[miningmx.com] – THE importance of Bokoni Platinum Mines to Anglo American Platinum’s (Amplats’) empowerment points would figure highly in discussions regarding the potential sale of its 49% stake in the venture.
So said – or implied – Atlatsa Resources chief commercial officer, Joel Kesler, who added that the joint venture partners remained committed to building a 240,000 ounce a year platinum operation at a cost of $100m by 2019.
Atlatsa Resources, a Toronto-listed firm, owns the controlling interest in Bokoni Mines which is situated in the northern part of the Bushveld. Atlatsa, or Anooraq Resources as it was then known, was an important element of Anglo American’s empowerment drive in those first heady years after the promulgation of the MPRDA.
About five years later, however, on July 21, Anglo American said that its platinum subsidiary was considering exiting the joint venture. By way of explanation, Amplats CEO, Chris Griffith, added his company was probably not the best partner for Atlatsa.
The plan to sell the investment in Bokoni was in terms of Amplats’ rationalisation of its portfolio in which its Rustenburg mines and the Pandora joint venture with Lonmin have also been put on the block.
Kesler’s exact words today were: “No decision has been taken on this yet [the exit] so Atlatsa will engage with Amplats and the DMR [Department of Mineral Resources] especially in light of the recognition by all parties that Atlatsa was a cornerstone BEE transaction for Amplats’ purposes”.
The implication of Kesler’s words is that Amplats won’t find it easy to walk away from Bokoni Mines. Certainly, this isn’t going to be a clean sale.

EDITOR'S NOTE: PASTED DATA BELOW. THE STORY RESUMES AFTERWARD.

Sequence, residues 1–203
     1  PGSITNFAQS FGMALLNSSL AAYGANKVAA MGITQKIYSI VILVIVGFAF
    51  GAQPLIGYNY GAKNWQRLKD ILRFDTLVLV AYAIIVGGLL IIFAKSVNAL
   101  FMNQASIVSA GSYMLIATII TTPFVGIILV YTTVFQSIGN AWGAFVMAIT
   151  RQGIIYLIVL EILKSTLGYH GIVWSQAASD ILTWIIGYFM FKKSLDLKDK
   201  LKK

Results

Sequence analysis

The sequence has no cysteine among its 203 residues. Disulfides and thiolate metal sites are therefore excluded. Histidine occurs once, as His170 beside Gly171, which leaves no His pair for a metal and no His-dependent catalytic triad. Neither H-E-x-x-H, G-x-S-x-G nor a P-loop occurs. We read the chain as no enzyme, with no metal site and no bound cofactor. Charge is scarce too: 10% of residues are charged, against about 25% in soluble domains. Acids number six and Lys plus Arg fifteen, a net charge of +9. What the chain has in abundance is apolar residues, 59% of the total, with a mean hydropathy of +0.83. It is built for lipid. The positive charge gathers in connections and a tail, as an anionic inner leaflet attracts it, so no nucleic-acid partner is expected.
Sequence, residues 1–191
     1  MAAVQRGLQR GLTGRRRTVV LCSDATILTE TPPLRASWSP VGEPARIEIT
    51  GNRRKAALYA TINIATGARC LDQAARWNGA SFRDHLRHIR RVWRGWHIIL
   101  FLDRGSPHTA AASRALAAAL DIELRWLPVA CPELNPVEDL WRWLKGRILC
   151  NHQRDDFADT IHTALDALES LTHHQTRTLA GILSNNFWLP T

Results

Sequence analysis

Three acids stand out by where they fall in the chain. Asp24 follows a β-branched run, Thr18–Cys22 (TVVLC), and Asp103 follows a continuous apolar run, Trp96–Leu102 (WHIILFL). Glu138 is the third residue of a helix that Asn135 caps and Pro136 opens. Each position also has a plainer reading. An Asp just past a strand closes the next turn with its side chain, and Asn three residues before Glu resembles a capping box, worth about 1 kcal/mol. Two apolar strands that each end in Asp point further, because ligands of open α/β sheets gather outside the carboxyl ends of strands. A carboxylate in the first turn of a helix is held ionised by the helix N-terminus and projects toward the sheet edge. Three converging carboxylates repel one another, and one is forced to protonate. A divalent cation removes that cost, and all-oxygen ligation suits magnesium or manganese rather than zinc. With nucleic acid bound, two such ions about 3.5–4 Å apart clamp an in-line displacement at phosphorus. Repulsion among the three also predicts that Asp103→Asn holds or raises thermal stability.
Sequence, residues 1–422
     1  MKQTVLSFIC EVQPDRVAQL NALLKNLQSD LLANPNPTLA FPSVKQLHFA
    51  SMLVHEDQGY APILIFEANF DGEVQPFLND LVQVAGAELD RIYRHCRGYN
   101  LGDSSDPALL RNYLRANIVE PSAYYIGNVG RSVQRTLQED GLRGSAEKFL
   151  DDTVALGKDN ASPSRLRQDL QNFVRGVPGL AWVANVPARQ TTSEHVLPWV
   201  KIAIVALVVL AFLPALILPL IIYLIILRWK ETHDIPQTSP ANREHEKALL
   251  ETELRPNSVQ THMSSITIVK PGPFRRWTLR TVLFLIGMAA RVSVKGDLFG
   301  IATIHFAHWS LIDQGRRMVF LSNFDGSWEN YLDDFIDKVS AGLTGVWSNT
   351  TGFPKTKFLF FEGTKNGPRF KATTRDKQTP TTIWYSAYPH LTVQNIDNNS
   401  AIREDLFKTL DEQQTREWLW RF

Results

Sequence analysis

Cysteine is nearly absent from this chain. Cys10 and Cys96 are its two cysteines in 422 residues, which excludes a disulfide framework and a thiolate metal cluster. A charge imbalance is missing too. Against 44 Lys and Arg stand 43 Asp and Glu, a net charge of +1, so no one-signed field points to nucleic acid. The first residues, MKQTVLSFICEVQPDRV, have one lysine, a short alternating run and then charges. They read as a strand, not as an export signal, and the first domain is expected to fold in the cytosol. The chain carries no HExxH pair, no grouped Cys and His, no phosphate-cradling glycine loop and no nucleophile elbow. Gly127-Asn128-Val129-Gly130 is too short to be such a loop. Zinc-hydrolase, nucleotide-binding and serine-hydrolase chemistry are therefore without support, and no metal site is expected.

The South African government has publicly stated that it will not recognise the once-empowered, always-empowered principle.
In other words, Amplats runs the risk of losing its empowerment points if it sells its stake in Bokoni Mines, unless it sells the stake to another BEE company … Like much in the interpretation of South Africa’s BEE legislation, it isn’t clear.
Quitting Bokoni Mines will certainly prove an expensive exercise for Amplats both in executive time and also because Amplats twice recapitalised the company and is now exiting before it returns on investment.
For example, the $100m expansion – which will double Bokoni’s output – turns on financial assistance from Amplats which will have to be unpicked, painstakingly one imagines.
On the other hand, will Bokoni ever stack up for Amplats? Atlatsa posted a deepening in its interim loss of C$24.8m today from C$17.9m registered in the interim period of the previous financial year.
Quarter-on-quarter, Atlatsa improved its performance, increasing mining flexibility and enjoying a better price received by dint of the rand/dollar exchange rate. The mill is virtually operating at capacity, thanks to production from a surface mine – yet Amplats must feel the mine will never justify its capital-hungry appetite.
Michael Kavanagh, an analyst with Noah Capital, said the decision to quit Atlatsa was one of expedience.
“Bokoni has been a complete headache for Anglo. They have put a bucket-load into the company but now Cutifani has said to hell with it,’ Kavanagh said.
Mark Cutifani, Anglo American CEO, acknowledged in June that the process now was to “get everyone comfortable with what we’re doing’ in terms of the restructuring, Atlatsa Resources included.
This must be true, especially for Atlatsa, because it didn’t see this coming.
Harold Motaung, CEO of Atlatsa, said only several months ago: “We don’t think restructuring Amplats is looking at will affect Bokoni. Our relationship with Atlatsa is workable and practical’.
Not workable enough it seems.